She is called Madre Silva. When the captain and his followers return to their cave, the old woman is there waiting for them. Within the booty presented to her there is a bejewelled hand. The captain feels remorse at having cut off the hand from the young woman and becomes entranced with its owner. From reading the palm Madre Silva recites the owner’s story. The young girl is a lamiaa folkloric character well known to the Galician people, according to Rita Posse From birth she had been kept hidden through sorcery.
A dwarf kept her prisoner. She could only wait until the dwarf slept and then from her window she would call out to those outside. Human eyes had never seen her since the dwarf would make her appear as a dove or flower. The captain was able to see her for what she was because she had put on those rings.
Madre Silva tells him that if he had not cut her hand off he could have married her.
She was the daughter of a king. The enchantment from the hand spills over onto the captain. He cannot forget the woman and when a dog comes in and runs off with the hand, he goes off after it in a maddened rage even though Madre Silva cautions him that valpe will wander the woods until he is an old man.
Valle-Inclan and the Theatre : Xavier Vila :
Through these short stories we can see the importance of the role of saludadora within Galician society. As we have already discussed, Beatriz is the victim of a mal de ojo. Usually the vaalle is a marginal member of society, that is, they live on ekbrujado fringes of society, limiting their contact with it.
The fascinador can be a hermit, witch, vagabound, thief etc. His yells are likened to animal noises. In order to rid the person of this suffering, the tormented soul had to be exorcised. Just feeling his gaze upon her makes the woman feel touched by a miracle. Jesus does not cure her then and there, but rather sends her home to wait for him. Then he turns into a black cat embgujado leaving Antonia’s mother.
The mother feels herself persecuted by malevolent spirits. At one point, while everyone is in the salon, the mother feels that a cat is scratching beneath the sofa, but no one else sees or hears it.
The mother notices that Antonia is daydreaming. The mother believes it is a manifestation of Bretal. She believes that since Antonia must be thinking of him, that his malevolent thoughts have transferred themselves in the scratching cat. While Basilisa runs around the room with an olive branch sprinking holy water, Antonia’s mother grabs Antonia by the hair to make her stop thinking of Bretal, thus ridding themselves of the tormenting cat.
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The mother complains a few times about a black cat near her but it is only after the death of his mother that the boy realizes that Bretal had been the cat that had plagued his mother.
One night Basilisa comes for him. She has a pair of scissors in one hand and a cross in the other. She gives the cross to the boy embryjado says that they must do as his mother asks and get rid niclan the cat.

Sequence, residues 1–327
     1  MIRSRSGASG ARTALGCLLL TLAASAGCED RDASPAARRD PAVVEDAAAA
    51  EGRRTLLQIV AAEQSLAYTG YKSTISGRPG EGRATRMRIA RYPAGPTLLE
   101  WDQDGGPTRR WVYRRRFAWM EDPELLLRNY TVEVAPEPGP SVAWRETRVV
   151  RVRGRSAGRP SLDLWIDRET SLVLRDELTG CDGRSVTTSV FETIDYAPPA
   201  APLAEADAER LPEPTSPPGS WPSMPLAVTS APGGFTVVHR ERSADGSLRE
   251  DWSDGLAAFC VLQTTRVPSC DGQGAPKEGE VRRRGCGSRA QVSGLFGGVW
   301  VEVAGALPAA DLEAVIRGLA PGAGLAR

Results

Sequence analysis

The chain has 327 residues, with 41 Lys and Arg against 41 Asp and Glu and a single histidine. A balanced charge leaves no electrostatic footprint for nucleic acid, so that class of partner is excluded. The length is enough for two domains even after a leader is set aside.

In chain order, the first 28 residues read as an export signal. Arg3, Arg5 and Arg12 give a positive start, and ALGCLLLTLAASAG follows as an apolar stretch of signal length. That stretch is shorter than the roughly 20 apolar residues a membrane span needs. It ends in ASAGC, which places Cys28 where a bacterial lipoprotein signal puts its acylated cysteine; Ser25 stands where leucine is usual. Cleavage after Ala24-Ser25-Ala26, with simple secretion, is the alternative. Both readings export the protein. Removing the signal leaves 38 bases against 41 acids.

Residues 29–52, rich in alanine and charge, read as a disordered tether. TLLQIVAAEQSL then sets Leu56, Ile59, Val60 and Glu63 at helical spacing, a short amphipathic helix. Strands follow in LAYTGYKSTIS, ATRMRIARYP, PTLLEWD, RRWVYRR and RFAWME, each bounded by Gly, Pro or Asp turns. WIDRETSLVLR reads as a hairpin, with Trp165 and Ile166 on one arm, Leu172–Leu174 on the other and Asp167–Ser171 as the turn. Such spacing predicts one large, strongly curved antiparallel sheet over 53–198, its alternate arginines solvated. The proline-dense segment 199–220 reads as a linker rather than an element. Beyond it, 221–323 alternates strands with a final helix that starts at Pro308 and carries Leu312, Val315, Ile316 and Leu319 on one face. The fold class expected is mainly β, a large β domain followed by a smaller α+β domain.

When the cat comes out from under the mother’s bed, Basilisa cuts its ears off. His face is bandaged up and the boy believes he sees that his ears have been clipped, all the proof he needs that the cat and Bretal are one and the same. The boy totally embrujadi that Bretal is the devil and has done his iinclan to bewitch Antonia.
Such was his power that he killed their mother because icnlan stood in the way of his desire for Antonia. Power that had been given to him by the devil.
Father Bernardo had warned Antonia’s mother that such was Bretal’s desperation for Antonia’s love that he was contemplating a pact with the devil. Sacrilegious because Bretal is indlan member of the Church. Vqlle calling upon the devil for aid in the acquisition of Antonia’s love is in direct opposition to the Catholic religion, consequently, he looks to superstitious methods to acheive his end. One is able to discern then that within Bretal there is a religious-satanic relationship warring, but it seems that the devil is winning in this instance.
Antonia’s mother, who is a devout ell, has a hand that lacks some fingers, thus to hide this imperfection she wears a black glove. Campanella writes that the significance of the black hand, like the black cat, is the expression of witchcraft in the ambiance of Galican village life.
The black glove, then, is the folkloric theme which Valle uses as an expression of the demonic aspect in every human being that is found next to the angelic spirit. Valle always uses the one hand to contrast the other: Mi madre era muy bella, blanca y rubia, siempre vestida, con guante negro en una mano, por la falta de dos dedos, y la otra, que era como una camelia, toda cubierta de sortijas.
Emotionally, Antonia’s mother is a portrait of contrasts. She is a devout and caring woman, however, she cannot abide Bretal. Her dislike for the boy seems unreasonable. She would rather see Antonia dead than be with him.